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VietNamNews

Conference spotlights intellectual property rights protection

Update: September, 24/2014 - 08:00

Customs officers in Huu Nghi border gate (Lang Son ) inspect violation industrial designs — Photo: baohaiquan

HA NOI (VNS) — Close co-ordination between customs agencies and enterprises is crucial for the protection of intellectual property rights as well as the prevention and detection of violations.

Van Ba Tin, deputy head of the Ha Noi Department of Customs, made this statement at a recent conference on intellectual property rights protection.

The conference took place in the capital city during the implementation of the Viet Nam Automated Cargo and Port Consolidated System/Viet Nam Customs Information System (VNACCS/VCIS), which the department and React, an international anti-counterfeit network, organised. In order to enhance efficiency, enterprises should provide customs officials with information on their goods before they are imported, said Tin.

He also noted that, unfortunately, the increase in international trade went hand-in-hand with an increase in fraud and fake products. Intellectual property rights violations were not just harmful to the economy and trade, but also to consumers' health, Tin added.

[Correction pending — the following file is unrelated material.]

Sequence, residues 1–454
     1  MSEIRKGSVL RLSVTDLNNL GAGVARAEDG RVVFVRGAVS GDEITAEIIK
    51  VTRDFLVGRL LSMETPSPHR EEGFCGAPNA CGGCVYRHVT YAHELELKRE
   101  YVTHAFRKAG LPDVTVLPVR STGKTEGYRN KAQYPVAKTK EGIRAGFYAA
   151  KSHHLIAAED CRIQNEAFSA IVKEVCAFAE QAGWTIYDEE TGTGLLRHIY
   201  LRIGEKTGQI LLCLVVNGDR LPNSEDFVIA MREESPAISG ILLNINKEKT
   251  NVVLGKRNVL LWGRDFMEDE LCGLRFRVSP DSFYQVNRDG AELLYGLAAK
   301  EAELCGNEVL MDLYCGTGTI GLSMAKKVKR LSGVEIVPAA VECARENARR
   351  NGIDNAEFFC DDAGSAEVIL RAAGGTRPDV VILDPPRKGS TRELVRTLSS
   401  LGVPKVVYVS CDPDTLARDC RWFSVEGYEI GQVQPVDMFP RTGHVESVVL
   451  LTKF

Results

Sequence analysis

Currently, Viet Nam is undergoing a strict process of inspection and supervision of imports and exports via the VNACCS/VCIS, and the role of customs authorities in preventing intellectual property rights violations has therefore become more important than ever before, according to Tin.

Meanwhile, Tran Viet Hung of the Anti-Smuggling Investigation Department under the Customs Department of Viet Nam said that since VNACCS/VCIS was new to the country, customs authorities needed further information on products and trademarks.

Learning from other countries' experience in protecting intellectual property rights would help Viet Nam build an effective inspection process and exert effective control over violations, Hung added.

At the event, business representatives expressed their opinions on how to better manage goods and protect intellectual property rights.

According to Le Viet Hung of The North Face, the new e-customs system has made it possible for central offices to instruct local customs officials on ways to strengthen inspections in suspected cases.

He also provided information on the differences between real and counterfeit products of The North Face to help customs officials distinguish between the two. — VNS

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